Rescue or Shelter: What is the difference?
Rescue or a Shelter? …And what is the difference?
Many people don’t know the difference between a shelter and a rescue…or that there even is a difference. Hopefully this will answer some questions that people may have and give us a better understanding of the differences.
Shelters are usually government funded. This means that all expenses like vaccines, deworming, flea and heart worm prevention and spay/neuter are paid for at a low cost by the government. When an animal at a shelter becomes ill, a lot of times, the only outcome is euthanasia. This is to prevent the spread of disease in the shelter. It’s less costly to just “get rid” of the problem than to treat it. The government simply does not allow the funding to treat all of the animals in need.They are also euthanized for space, age, breed, and size.
Rescues, on the other hand, take on the expense at full cost and also don’t euthanize when an animal becomes ill, nor do we euthanize to “make room” when an animal’s “time is up.” Rescues endure very high medical bills in a very short amount of time. This is why monetary donations are very important. We go to great lengths to medically treat all of our animals and we maintain a 100% no-kill status.
Peppermint Pig Thrift & Gift operates solely to help support Peppermint Pig Animal Rescue. 100% of the proceeds from our thrift store go directly towards the rescue and care of animals in need. Our Thrift store operates to bridge the gap between our low adoption fees and the cost of vetting and care we provide the animals we rescue.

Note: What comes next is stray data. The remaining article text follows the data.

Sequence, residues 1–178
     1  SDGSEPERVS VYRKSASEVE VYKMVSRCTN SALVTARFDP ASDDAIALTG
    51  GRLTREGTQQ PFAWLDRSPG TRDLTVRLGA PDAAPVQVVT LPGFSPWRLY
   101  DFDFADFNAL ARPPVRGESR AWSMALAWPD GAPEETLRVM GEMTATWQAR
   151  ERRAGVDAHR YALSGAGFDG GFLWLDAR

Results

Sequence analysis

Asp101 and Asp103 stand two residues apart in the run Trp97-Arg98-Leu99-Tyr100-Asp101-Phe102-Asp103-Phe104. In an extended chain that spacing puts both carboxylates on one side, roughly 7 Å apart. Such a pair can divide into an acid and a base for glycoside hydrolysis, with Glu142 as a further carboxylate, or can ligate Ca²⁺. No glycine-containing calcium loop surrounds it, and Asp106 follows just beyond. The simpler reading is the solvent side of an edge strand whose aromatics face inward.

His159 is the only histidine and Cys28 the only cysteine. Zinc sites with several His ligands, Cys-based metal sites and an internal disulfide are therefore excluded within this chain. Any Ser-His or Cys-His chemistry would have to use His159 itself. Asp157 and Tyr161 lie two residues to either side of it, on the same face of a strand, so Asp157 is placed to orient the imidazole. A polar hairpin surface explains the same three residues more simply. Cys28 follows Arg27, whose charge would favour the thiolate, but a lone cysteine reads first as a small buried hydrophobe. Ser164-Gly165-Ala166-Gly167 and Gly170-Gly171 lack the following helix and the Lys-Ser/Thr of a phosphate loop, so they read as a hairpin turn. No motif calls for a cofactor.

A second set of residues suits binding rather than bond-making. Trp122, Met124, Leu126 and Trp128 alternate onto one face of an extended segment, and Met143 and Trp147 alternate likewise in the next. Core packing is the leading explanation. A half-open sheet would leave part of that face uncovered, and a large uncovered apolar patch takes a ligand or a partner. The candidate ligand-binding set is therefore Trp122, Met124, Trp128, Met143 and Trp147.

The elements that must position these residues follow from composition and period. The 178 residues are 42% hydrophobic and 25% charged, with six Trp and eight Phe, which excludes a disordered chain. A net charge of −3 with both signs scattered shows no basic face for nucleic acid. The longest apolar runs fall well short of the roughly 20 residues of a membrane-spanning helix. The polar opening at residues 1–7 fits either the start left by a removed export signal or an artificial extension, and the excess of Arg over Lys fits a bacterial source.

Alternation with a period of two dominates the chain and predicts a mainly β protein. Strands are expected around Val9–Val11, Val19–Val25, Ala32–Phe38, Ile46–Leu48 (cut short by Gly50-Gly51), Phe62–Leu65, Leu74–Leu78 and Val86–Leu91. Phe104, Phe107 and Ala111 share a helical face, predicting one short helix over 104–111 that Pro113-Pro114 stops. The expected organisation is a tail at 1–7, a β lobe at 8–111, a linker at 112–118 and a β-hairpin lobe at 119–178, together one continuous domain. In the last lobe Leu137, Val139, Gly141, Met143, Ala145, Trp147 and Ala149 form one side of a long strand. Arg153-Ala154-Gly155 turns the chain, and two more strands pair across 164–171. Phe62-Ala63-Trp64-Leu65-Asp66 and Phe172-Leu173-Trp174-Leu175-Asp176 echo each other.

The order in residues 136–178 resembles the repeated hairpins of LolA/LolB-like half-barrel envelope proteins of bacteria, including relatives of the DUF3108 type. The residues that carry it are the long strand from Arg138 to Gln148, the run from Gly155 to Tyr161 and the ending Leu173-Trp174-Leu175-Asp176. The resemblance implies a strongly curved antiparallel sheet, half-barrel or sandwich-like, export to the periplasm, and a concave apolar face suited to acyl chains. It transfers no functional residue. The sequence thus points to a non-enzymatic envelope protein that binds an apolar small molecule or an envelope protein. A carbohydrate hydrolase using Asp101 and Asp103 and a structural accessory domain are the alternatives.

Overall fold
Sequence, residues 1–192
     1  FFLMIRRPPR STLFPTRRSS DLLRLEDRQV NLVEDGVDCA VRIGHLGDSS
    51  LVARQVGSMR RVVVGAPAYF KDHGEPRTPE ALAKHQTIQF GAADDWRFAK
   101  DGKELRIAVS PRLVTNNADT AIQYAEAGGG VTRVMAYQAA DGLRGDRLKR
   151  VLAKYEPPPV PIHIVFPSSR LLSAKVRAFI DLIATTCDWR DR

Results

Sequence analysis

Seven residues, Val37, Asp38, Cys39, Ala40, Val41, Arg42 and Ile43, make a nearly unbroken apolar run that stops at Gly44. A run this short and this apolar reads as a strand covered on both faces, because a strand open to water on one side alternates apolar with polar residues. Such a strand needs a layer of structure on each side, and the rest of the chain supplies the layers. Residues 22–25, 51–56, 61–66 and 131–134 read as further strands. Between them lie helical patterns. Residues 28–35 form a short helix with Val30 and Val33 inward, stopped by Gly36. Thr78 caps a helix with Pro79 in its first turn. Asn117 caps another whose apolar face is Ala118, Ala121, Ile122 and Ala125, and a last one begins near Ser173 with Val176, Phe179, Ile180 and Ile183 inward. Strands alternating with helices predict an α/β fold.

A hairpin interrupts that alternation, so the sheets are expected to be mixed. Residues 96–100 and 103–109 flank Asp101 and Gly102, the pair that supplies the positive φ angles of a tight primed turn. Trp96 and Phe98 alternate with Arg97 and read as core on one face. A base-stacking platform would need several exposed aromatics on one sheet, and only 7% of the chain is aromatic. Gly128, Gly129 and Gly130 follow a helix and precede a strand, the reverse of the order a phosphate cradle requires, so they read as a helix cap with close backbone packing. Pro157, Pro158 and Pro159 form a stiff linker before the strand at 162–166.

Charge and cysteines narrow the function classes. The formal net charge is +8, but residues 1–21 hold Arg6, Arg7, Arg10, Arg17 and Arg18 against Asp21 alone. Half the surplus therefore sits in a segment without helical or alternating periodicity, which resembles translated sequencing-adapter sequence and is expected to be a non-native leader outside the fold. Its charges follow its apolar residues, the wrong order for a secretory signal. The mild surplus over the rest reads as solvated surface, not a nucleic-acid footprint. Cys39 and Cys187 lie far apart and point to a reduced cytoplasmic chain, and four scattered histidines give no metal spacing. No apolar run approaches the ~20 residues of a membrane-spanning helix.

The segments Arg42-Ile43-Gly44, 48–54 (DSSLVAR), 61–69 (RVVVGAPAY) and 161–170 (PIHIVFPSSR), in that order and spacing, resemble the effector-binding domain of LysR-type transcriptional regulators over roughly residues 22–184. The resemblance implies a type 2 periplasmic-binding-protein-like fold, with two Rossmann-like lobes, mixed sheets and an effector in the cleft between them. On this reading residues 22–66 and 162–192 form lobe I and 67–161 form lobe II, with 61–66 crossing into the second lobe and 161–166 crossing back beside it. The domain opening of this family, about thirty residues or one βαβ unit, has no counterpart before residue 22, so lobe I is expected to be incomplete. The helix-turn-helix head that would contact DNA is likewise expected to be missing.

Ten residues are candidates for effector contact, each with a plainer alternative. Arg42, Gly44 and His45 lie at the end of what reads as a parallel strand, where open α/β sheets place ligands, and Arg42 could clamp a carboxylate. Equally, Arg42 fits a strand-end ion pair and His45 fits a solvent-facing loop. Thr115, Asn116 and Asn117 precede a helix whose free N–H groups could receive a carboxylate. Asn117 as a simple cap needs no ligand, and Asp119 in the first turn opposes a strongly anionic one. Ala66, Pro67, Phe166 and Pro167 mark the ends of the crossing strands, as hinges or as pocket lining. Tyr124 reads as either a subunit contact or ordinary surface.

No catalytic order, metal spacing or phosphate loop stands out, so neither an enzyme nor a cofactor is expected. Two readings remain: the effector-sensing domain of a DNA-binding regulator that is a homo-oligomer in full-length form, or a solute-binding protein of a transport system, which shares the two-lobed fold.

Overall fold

Please continue to support us in the fight to prevent abuse, neglect and the euthanizing of healthy animals!
Rescue vs. Shelter
An animal rescue group or animal rescue organization is dedicated to pet rescue and adoption. These groups rescue otherwise euthanized pets from kill shelters, take unwanted, abandoned, abused, or stray pets and attempt to find suitable homes for them. Many rescue groups are created by and run by volunteers, who take the animals into their homes and care for them — including training, playing, handling medical issues, and solving behavior problems — until a suitable permanent home can be found.